Bobby Darin - truly one of the smoothest singers the US has ever produced, and there's nothing that showcases this pop-cabaret style like his tenure at Capitol. A singer of great versatility, he swings effortlesly on this album, having great technique and even greater rhythmic feel.
Call Me Irresponsible, something of a standard really, is my favourite. Darin's vocals make you fall in love with his irresponsible, unreliable, unpredictable charm. Accompanied by finger clickin' good Richard Wess big-band sounds. Wow. Whatta man.
from From Hello Dolly To Goodbye Charlie (Capitol T2194) available on CD - Oh! Look At Me Now / From Hello Dolly To Goodbye Charlie (Capitol)
This song starts with a great simple keyboard riff, and the driving bass gives it a real urgency, unusual for the Beach Boys 70's music in that it makes you really want to dance. A great vocal performance by Dennis Wilson, with intriguing lyrics.
from Sunflower (Capitol #25692) available on CD - Sunflower/Surf's Up (Capitol)
Although it´s just a 50 seconds bonus track at the end of Capitol reissue of "Friends/20/20", I think it contains one of the most memorable vocal harmonies ever sung by the Beach Boys. The irruption of voices that come at the end is just sublime. I think there are longer versions in an "Unsurpassed masters" record but I have never listened to it. Anyone has ?
from Friends/20/20, available on CD
16 Aug 06 ·ambassador: I would love to hear a longer version of this. I agree, their harmonies on this classic bacharach/david tune are mind-blowing.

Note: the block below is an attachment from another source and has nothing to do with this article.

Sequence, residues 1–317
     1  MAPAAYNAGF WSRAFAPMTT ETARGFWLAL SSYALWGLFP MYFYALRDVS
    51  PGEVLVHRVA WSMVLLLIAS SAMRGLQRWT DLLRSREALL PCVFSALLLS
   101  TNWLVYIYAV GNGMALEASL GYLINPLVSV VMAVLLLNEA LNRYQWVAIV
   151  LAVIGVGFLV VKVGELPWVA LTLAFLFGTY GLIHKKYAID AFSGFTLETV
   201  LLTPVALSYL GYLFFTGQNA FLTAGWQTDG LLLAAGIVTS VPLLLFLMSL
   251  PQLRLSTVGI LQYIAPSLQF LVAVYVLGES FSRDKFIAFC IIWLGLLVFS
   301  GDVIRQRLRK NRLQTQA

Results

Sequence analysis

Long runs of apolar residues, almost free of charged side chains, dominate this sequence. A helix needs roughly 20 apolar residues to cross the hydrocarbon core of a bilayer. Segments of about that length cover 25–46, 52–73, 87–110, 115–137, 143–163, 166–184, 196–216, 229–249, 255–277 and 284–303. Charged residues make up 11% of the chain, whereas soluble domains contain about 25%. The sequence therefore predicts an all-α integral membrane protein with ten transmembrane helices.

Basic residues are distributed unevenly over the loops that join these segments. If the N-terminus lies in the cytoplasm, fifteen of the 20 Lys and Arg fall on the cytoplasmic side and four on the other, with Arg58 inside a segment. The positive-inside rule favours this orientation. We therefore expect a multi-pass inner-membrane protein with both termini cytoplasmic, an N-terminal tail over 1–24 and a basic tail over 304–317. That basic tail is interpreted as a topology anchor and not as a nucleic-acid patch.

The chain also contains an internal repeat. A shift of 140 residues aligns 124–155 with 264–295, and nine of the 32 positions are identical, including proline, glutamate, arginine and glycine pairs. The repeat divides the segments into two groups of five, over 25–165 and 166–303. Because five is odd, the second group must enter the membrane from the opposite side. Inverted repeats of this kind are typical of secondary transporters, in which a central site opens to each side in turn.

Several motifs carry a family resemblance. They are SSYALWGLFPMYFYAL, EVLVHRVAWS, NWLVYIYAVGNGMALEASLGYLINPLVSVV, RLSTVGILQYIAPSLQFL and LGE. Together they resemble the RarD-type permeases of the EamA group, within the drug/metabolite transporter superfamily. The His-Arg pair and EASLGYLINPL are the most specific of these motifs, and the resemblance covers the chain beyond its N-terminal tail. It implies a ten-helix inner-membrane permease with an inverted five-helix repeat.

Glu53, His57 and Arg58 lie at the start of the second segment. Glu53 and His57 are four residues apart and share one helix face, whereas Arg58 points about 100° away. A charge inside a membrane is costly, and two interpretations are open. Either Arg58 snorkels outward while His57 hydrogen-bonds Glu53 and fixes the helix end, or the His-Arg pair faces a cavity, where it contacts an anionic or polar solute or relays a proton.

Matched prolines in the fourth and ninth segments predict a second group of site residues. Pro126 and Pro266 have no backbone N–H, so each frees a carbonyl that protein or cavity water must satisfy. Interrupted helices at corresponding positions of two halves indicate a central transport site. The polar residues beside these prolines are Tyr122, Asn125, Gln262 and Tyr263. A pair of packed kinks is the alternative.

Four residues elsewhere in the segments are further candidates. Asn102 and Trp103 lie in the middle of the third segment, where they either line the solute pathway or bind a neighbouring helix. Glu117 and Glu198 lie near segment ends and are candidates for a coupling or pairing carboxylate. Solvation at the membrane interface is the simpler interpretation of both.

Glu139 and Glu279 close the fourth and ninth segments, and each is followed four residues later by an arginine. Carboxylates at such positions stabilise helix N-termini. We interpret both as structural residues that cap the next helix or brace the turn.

Beneath the avant-garde lyrics and futuristic synth textures, there was always a pulsing dance music quality that drove the classic Duran Duran sound. As they progressed into the late '80s, they allowed that dance element to move up front and dominate their style. A good example of this tactic is "Skin Trade," a hit whose silky and funky style led to it being mistaken for a Prince song. The lyrics have a surprisingly direct, soul-searching feel to them as they lay out scenarios of people shortchanging their dreams to make money. These moments are followed with the dramatic proclamation that makes up the chorus: "Will someone please explain/The reasons for this strange behavior?/In exploitation's name/We must be working for the skin trade." The music lends contrast to the angry tone of the lyrics by creating a sultry, mellow melody that juxtaposes verses with a soft, hypnotic ebb and flow with an ever-ascending chorus that revs up the song's inherent drama. Duran Duran's recording is fuelled by funky but gently layered guitar textures and subtle drum work that push its groove along, plus some atmospheric synth textures on the chorus. Interestingly, Simon LeBon uses his normal tenor voice for the choruses but sings much of the verses in a lush, soulful falsetto that led many pop fans to initially mistake "Skin Trade" for a Prince ballad. The result was a perfect blend of slow-dance textures and adult social critique. It didn't do as well as "Notorious," just barely making the Top 40 in the U.S., but it got plenty of radio airplay and is fondly remembered by the group's fans as one of Duran Duran's most mature achievements of the late '80s.